Primarily Primates is still currently without power and in need of the following items, as well as monetary donations. If you have any of the requested supplies below and have a four-wheel drive vehicle, please deliver them to 26099 Dull Knife Trail in San Antonio.

– GENERATORS- this is the most important item on the list!

– Peanut butter, bread, jelly

– Camping lights

– Propane tanks that are filled or help taking empty tanks to be filled

– Small disposable propane heater bottles

– Salt for de-icing pathways around the sanctuary

– Water

Monetary donations can be made HERE!

You can help all animals and our planet by choosing compassion on your plate and in your glass. #GoVeg

The post Breaking! Primarily Primates’ Issues Urgent Plea For Generators, Water & More After Animals At The Sanctuary Die During Historic Texas Freeze appeared first on World Animal News.

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The National Park Service Continues To Try To Stop Attempts By Activists To Bring Thirsty Tule Elk Water; Urgent Action Is Needed To Save Them!

Twenty wildlife and national park protectors recently defied National Park Service (NPS) orders for a second time and risked getting arrested while participating in a bold, carefully planned, nighttime operation, to bring 150 gallons of water to the Tule elk. The move follows the tragic passing of more than 18 Tule elk this year who died in the reserve at Point Reyes National Seashore due to California’s drought.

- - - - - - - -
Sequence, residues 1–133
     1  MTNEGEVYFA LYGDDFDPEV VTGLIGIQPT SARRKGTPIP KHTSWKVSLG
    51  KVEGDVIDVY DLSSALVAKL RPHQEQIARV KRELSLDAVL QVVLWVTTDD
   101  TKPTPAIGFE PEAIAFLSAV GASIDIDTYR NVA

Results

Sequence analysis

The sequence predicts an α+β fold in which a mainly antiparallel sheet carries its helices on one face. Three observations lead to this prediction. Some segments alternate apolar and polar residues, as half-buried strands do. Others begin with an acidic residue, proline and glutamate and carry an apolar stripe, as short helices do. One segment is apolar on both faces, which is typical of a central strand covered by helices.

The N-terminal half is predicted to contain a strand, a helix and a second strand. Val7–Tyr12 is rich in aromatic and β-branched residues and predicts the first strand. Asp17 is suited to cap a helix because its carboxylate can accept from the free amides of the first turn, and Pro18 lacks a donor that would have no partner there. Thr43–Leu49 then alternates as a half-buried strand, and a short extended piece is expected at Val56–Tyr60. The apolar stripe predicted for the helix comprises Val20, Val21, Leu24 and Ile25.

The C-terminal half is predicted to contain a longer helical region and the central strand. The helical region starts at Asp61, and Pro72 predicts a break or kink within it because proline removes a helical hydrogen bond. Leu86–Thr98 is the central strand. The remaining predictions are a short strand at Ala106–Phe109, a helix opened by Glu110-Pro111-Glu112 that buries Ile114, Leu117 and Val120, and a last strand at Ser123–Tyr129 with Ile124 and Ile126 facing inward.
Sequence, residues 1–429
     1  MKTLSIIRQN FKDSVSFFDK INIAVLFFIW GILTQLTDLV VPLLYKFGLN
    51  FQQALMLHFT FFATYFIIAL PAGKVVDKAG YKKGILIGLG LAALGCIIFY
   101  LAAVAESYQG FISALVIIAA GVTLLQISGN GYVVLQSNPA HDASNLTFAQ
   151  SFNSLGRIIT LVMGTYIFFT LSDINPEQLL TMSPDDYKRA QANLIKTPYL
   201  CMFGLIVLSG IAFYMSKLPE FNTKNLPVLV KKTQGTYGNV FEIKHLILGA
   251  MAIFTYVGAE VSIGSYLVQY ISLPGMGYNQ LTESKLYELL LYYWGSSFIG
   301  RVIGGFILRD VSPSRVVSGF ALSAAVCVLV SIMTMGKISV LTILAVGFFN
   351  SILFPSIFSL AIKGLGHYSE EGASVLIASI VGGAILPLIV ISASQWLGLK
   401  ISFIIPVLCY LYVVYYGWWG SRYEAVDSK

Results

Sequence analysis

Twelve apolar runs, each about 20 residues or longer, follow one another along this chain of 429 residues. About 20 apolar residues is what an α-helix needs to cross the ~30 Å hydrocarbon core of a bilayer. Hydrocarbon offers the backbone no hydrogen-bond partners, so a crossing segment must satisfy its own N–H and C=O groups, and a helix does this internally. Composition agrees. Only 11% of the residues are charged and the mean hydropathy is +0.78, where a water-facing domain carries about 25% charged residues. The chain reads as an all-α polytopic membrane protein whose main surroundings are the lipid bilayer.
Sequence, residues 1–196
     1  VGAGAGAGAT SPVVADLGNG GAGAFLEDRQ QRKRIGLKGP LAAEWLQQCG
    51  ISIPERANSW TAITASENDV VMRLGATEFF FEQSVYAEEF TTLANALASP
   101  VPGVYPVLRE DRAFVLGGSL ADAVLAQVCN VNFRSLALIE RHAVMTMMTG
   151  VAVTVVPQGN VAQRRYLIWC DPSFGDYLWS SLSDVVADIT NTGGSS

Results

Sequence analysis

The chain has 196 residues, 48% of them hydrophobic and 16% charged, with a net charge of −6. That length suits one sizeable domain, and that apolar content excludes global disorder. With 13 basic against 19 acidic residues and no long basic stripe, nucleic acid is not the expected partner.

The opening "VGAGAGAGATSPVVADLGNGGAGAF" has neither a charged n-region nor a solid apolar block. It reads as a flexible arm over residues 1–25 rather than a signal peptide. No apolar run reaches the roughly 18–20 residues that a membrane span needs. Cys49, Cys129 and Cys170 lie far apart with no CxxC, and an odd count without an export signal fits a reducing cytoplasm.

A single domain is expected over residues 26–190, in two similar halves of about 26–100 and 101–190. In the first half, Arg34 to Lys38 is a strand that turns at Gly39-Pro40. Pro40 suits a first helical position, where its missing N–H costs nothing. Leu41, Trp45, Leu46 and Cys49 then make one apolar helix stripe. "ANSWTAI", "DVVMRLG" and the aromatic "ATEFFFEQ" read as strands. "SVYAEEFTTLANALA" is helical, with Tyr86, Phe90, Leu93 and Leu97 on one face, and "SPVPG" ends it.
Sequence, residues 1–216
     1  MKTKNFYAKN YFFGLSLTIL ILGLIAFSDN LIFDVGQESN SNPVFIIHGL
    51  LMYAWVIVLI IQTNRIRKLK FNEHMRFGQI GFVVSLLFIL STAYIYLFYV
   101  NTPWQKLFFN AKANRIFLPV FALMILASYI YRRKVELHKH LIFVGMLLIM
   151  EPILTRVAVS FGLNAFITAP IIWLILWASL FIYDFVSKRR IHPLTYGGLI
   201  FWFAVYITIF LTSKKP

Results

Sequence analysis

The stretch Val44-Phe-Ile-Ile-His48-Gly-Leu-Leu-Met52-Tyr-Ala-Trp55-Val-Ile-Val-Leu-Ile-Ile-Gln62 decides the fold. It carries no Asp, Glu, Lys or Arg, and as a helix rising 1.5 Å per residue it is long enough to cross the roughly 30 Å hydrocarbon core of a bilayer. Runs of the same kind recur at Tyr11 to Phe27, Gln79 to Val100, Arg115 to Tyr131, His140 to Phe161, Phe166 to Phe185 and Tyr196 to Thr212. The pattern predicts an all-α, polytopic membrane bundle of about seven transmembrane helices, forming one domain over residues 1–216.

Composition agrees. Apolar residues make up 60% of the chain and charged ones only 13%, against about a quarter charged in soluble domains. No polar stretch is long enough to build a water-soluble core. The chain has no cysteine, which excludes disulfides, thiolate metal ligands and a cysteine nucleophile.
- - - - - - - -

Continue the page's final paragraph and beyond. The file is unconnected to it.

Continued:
As previously reported by WAN, the animals are blocked from reaching perennial sources by an eight-foot-tall fence. The action took place before the winter rains came, but were thwarted by the NPS which removed troughs before the thirsty Tule elk could drink.

“The actions of the National Park Service speak loud and clear: private ranching business is favored over public opinion and the lives of native wild animals at Point Reyes National Seashore,” Fleur Dawes of In Defense of Animals said in an email sent to WAN. “Removing water from thirsty and dying rare Tule elk is despicable. Bay Area residents overwhelmingly want these native wild animals protected over private interests. We support the merciful actions of these brave animal activists and urge everyone to take urgent action to save the Tule elk.”